AIC Seminar Series
Exploring Cost-Effective Approaches to Human Evaluation of Search Engine Relevance
Notice: hosted by Jeffrey Davitz
Date: 2007-06-21 at 10:00
Location: EJ228 (SRI E building) (Directions)
Traditional Cranfield approaches to document relevance evaluation
involve judges making judgments on individual documents. The search
engine setting complicates matters by returning a *set* of summaries of
results competing with advertising and other links such as spelling
suggestions. Evaluation of rhe relevance of search results in such a
setting needs to account for set-level effects such as ensuring the
returned set does not contain duplicates or near-duplicates, that it
covers most of the common senses for the search query and that it
accurately ranks the results for the majority of the users.
The talk presents a framework of test types and explores the
pros and cons of each type. We compare cost-effective set-level judgments to
item-level judgments and identify the types of queries for which the
item-level methodology misses important aspects.
This is work done at Yahoo and presented at ECIR 2005.
Joint work with Chi Chao Chang and Yun-fang Juan.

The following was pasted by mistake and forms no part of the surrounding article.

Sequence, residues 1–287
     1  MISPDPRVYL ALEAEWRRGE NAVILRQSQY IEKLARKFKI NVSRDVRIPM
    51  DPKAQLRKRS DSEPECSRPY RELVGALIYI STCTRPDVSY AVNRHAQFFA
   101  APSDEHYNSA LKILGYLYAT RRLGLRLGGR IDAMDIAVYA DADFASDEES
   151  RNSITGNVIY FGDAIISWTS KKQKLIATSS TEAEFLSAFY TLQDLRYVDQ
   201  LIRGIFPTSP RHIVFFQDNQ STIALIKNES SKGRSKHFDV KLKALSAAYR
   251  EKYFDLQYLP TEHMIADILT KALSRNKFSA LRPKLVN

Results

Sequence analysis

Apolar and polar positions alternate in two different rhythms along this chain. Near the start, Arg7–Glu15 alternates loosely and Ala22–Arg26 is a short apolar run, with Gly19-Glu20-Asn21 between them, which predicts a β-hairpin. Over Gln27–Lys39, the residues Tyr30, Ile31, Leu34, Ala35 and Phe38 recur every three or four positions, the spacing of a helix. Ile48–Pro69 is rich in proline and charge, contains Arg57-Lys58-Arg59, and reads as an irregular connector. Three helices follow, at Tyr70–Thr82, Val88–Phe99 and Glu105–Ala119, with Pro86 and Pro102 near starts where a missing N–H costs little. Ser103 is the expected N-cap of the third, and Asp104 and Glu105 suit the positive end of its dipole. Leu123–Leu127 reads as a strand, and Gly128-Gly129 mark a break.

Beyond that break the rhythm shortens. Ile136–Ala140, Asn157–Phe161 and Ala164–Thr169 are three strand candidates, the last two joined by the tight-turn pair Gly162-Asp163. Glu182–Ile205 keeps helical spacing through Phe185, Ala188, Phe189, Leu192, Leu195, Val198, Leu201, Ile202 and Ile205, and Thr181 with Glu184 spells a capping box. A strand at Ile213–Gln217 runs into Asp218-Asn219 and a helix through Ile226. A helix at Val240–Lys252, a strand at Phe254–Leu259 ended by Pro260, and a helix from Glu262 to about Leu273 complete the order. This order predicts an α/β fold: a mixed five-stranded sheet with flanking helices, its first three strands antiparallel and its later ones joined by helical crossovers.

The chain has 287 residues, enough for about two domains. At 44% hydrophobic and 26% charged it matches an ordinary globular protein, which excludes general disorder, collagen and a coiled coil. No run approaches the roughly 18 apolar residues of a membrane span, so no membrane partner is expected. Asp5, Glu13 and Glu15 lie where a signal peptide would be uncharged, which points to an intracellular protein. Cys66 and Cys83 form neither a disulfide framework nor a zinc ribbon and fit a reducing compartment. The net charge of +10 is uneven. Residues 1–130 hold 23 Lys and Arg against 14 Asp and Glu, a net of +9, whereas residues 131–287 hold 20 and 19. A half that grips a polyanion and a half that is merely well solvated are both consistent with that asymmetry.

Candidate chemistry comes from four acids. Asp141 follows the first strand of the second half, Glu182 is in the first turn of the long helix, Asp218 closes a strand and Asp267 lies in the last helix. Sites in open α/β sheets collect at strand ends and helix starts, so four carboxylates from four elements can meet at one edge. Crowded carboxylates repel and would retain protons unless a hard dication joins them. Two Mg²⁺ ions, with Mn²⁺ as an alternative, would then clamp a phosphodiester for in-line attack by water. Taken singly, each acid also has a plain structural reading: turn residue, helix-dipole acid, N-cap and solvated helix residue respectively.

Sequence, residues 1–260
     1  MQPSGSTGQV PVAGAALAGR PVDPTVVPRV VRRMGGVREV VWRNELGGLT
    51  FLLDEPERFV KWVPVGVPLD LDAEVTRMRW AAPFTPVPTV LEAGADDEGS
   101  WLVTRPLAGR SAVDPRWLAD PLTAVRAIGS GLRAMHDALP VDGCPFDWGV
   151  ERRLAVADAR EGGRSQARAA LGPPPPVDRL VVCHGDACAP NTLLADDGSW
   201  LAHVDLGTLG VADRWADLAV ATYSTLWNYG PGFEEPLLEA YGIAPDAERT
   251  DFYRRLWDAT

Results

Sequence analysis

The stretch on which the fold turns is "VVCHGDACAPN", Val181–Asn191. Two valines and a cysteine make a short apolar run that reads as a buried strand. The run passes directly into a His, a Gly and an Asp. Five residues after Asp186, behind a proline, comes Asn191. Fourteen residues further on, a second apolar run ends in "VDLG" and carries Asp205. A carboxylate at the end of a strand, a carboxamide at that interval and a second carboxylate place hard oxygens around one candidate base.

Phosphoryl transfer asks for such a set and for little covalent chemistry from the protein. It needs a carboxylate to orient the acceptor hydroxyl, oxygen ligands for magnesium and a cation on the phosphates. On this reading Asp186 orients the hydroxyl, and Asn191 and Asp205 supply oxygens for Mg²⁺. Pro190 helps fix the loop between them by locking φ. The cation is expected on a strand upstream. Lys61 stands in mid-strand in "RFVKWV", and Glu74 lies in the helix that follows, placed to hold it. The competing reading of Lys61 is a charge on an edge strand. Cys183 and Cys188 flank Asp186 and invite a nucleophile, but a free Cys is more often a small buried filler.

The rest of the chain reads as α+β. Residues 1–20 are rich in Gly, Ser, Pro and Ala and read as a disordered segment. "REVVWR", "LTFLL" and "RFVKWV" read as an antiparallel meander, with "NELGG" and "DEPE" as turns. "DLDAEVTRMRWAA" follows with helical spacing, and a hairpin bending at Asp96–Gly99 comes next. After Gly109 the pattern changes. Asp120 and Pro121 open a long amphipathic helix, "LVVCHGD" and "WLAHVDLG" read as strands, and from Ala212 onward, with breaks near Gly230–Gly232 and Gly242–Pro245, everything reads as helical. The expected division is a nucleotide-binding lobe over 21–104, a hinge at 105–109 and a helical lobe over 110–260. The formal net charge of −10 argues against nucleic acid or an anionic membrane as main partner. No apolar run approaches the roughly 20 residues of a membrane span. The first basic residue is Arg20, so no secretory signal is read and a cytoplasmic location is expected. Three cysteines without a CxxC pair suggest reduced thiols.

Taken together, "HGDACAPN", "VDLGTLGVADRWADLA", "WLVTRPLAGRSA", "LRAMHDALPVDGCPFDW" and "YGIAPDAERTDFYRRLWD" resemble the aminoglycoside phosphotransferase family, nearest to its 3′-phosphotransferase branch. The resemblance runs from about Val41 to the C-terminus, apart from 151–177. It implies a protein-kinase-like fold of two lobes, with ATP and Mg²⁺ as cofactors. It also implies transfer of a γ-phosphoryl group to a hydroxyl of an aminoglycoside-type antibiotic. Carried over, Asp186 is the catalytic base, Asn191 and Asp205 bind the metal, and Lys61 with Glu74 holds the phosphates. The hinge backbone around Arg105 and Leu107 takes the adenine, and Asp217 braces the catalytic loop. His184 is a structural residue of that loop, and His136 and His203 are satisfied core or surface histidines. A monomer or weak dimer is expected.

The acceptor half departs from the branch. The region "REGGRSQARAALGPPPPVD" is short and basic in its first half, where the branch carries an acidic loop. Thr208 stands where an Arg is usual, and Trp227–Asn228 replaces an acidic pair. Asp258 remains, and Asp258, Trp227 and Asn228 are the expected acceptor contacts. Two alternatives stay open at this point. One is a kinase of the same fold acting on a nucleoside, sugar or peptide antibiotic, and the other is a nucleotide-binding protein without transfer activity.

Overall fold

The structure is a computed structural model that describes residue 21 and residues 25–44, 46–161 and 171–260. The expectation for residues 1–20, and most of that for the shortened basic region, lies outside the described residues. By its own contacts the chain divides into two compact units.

My research interests lie at the boundary of application and
theory in Information Extraction, Question Answering, Parse-based
Feature classification, Bootstrap Learning, Sampling in databases,
Active Learning and Bayesian Model Averaging.
My most recent set of papers is on sampling in databases based on an
application fielded at Yahoo for over two years supporting thirteen
internal analytics data-marts. Prior to that in the Web Search group,
I did work on statistical evaluation and competitive analysis of
search results which was important in Yahoos decision to acquire
Inktomi. It also led to an ECIR paper on search evaluation framework.
My PhD is on Bayesian Model Averaging, which I received from UC
Irvine. After that I did research and consulting at IBM Almaden and
Stanfords CLL lab before leaving academia for TiVo. At TiVo, I led
the team that wrote the Suggestions Engine, a system for recommending
TV shows which runs partly in distributed form on over three million
Linux boxes (TiVos). Following TiVo, I was a principal scientist
doing clickstream cluster analysis and text clustering at Vividence